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I-10 Bridge Opens Only 17 Days After Ivan

I-10 Bridge Opens Only 17 Days After Ivan

I-10 Bridge Opens Only 17 Days After Ivan

PENSACOLA, FL (AP) Motorists on an Interstate 10 bridge in the Florida Panhandle honked and shouted “thank you” as traffic again flowed freely Oct. 5, nearly three weeks after Hurricane Ivan toppled stretches of the span into Escambia Bay.

Photographs of the bridge with a truck dangling over one of the missing sections symbolized Ivan’s destruction across the northern Gulf Coast in mid-September. Divers found the body of truck driver Roberto Molina Alvarado of Toppenish, WA, in the bay where his cab landed.

The reopening shows “Pensacola again is a city on the move,” U.S. Transportation Secretary Norman Mineta said during a ceremony near the spot where Alvarado’s truck was found.

“It’s a symbol for recovery for northwest Florida that is replacing the symbol of that tragic truck driver,” added Gov. Jeb Bush.

Mineta and Bush thanked contractors and state and federal transportation officials who worked as a team to get two lanes of the four-lane bridge reopened only 17 days after a $26.4-million contract was awarded. The bridge reopened at 6:30 a.m., seven days ahead of schedule.

The repairs are being done through of a joint venture between Gilbert Southern of Peachtree City, GA, and Massman Construction Co. of Kansas City, MO, assisted by several subcontractors. Under the terms of the phase one emergency contract, the Gilbert Southern/Massman Construction joint venture was subject to an incentive-disincentive clause of $250,000 a day to get the job done within 24 days.


“Today we reopen this vital link in the nation’s highway system that connects California to Jacksonville,” said Gov. Bush. “Getting commerce moving again will help restore a sense of normalcy to the people in this impacted area.”

During the category three storm, the bridge was hit with a wall of water estimated to be 20 ft. high. The impact of the storm surge knocked 58 spans off the eastbound and westbound bridges and misaligned another 66 spans.

“We all saw the photos of the bridge after Hurricane Ivan slammed into this area on September 16,” said FDOT Secretary Jose Abreu.  “It looked like it could have taken months to reopen, but thanks to both FDOT staff and the contractor’s team working around the clock, these temporary repairs were complete in just 17 days. 

“The loss of I-10 caused trucks to detour more than 130 miles out of their way.  Time is money. That’s why we offer bonus clauses in our contracts to get the job done as soon as possible,” he said.

The contractor began foundation work by driving 28 new piles to support the roadway. The team then lifted existing spans off the eastbound bridge and placed them on missing sections of the westbound bridge. Misaligned spans on the westbound side also were put into proper alignment. 

The work also includes building paved crossovers for traffic on I-10 to be routed from the eastbound direction to the westbound bridge and then back over to eastbound I-10.

Joe Richards, Tampa, FL-area manager for Gilbert Southern Corp., said contractors will try to beat a mid-December deadline for opening phase two: the two eastbound lanes. Until then, traffic will flow one lane in each direction on the westbound span.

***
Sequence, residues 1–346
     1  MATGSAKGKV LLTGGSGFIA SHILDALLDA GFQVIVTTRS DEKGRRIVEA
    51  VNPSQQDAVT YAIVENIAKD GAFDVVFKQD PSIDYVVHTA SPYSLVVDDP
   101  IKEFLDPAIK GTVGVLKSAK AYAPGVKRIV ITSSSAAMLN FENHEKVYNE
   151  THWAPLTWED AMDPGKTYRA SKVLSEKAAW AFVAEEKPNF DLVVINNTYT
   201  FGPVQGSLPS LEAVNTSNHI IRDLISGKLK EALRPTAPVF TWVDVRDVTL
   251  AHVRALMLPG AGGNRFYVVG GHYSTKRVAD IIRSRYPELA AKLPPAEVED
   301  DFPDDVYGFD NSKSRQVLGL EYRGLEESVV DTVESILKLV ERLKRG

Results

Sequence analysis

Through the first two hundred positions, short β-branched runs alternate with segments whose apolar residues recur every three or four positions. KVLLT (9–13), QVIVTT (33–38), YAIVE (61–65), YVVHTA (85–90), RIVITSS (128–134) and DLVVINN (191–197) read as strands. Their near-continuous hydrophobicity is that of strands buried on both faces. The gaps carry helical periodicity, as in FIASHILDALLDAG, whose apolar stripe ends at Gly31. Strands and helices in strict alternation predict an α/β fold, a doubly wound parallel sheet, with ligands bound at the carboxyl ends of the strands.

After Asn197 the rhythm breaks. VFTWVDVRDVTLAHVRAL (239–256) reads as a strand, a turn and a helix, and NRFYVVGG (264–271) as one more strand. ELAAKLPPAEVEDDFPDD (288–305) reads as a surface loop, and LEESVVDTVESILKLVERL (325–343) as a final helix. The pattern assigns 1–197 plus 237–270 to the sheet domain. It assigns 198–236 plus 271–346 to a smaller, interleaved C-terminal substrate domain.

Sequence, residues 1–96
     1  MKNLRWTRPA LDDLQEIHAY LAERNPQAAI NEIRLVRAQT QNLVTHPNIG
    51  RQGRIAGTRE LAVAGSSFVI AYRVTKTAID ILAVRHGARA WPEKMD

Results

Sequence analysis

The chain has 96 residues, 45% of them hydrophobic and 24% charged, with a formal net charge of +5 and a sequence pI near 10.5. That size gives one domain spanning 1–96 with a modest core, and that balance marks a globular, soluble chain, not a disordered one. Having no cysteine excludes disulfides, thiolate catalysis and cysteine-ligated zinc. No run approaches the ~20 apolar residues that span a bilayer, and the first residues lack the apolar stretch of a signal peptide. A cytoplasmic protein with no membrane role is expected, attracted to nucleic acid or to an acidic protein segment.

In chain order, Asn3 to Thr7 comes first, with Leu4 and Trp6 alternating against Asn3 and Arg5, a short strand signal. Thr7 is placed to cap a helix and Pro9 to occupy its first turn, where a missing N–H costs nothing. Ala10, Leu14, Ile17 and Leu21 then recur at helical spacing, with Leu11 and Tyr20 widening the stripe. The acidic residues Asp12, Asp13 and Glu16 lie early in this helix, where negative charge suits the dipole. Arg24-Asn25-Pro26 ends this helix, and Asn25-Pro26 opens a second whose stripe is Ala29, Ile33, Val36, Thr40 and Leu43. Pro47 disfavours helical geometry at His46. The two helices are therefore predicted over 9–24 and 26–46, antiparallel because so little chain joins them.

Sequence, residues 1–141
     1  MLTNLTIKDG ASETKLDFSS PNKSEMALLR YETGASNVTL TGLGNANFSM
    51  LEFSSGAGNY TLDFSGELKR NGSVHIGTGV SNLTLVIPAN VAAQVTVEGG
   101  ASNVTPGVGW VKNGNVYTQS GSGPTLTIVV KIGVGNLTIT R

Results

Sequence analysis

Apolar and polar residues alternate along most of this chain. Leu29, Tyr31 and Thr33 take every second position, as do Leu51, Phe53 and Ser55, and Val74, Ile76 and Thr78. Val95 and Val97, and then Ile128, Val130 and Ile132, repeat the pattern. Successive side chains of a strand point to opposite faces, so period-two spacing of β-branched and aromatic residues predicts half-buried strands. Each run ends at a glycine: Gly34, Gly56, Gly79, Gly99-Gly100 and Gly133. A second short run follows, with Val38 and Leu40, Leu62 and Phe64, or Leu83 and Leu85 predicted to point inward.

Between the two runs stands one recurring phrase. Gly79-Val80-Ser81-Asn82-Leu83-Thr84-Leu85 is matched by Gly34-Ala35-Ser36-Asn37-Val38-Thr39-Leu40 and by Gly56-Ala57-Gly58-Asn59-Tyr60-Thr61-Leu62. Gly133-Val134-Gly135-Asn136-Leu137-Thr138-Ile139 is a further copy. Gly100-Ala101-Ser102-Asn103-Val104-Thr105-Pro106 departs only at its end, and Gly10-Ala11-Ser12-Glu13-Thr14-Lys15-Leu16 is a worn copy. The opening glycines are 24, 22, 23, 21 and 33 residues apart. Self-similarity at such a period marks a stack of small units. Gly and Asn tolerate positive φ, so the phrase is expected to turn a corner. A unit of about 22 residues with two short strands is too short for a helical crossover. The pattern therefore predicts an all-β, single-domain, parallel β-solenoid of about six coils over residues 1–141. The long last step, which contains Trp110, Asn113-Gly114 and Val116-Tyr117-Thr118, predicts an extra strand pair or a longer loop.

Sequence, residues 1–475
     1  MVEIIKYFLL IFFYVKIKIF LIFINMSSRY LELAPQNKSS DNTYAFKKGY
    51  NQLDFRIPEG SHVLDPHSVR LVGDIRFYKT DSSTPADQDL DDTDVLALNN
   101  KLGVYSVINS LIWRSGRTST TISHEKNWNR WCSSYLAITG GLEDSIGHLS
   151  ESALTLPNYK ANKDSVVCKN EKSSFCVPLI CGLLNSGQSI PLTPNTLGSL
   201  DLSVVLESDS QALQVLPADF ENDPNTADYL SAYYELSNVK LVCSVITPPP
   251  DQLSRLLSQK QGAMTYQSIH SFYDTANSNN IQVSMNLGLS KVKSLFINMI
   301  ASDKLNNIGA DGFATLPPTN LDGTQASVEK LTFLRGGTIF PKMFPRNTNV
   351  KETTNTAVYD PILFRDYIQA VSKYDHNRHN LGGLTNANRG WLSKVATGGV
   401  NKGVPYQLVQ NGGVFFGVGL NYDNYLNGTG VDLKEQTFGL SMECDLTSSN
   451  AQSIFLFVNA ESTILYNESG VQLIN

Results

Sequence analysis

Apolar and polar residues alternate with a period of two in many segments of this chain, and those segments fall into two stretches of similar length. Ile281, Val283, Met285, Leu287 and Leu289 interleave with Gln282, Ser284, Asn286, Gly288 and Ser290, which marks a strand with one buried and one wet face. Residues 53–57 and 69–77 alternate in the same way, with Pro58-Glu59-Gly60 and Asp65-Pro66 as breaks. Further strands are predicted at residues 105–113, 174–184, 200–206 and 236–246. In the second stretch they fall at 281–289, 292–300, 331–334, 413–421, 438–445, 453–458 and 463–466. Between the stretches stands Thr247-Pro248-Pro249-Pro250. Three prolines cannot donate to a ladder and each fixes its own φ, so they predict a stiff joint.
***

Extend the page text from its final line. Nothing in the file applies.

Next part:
Phase two of the contract calls for the contractor to repair the eastbound bridge with existing spans and alternating Acrow panel bridges within 90 days. The department owns more than 6,000 linear ft. of the Acrow panels which are prefabricated modular steel bridges.

FDOT officials said due to the extensive damage caused to the bridge by the hurricane, a new, replacement bridge eventually will have to be built across Escambia Bay.

Detours while the bridge was out added at least an hour and often two or three hours to trips between Pensacola and Milton on the east side of the bay.

Approximately 8,000 trucks travel that stretch of I-10 daily along with more thousands of commuters and other travelers.

“We have work in Pensacola,” said Jim Lucassen, who operates a cleaning service with his wife, Pat. “Yesterday it took us an hour and half to get there. Today it took us 20 minutes.”

Retired Army 1st Sgt. George Baxley, of Caryville, FL, was among the first to cross on his way to a doctor’s appointment in Pensacola. He had left home about an hour earlier than normal because he expected to run into a detour.

“When I got there they were just taking down the ribbons they had across it to block it,” Baxley said. “It was a blessing.”

Bush called the quick repairs a “heroic effort.”

As many as 127 workers, many of them volunteering to be part of a once-in-a-lifetime project, toiled around the clock using the latest in rapid repair equipment and techniques to replace damaged bridge sections and, in some cases, pilings, Richards said.

The last section was dropped into place the night of Oct. 4, said Gilbert Southern division manager Scott Cassels.

“I saw lots of handshakes and pats on the back,” Cassels said. “I even saw a hug or two. When you see contractors hug, it’s a special event.”

Cassels then got a hug from Bush.

AP Photo: During the category three storm, the bridge was hit with a wall of water estimated to be 20 ft. high. The impact of the storm surge knocked 58 spans off the eastbound and westbound bridges and misaligned another 66 spans.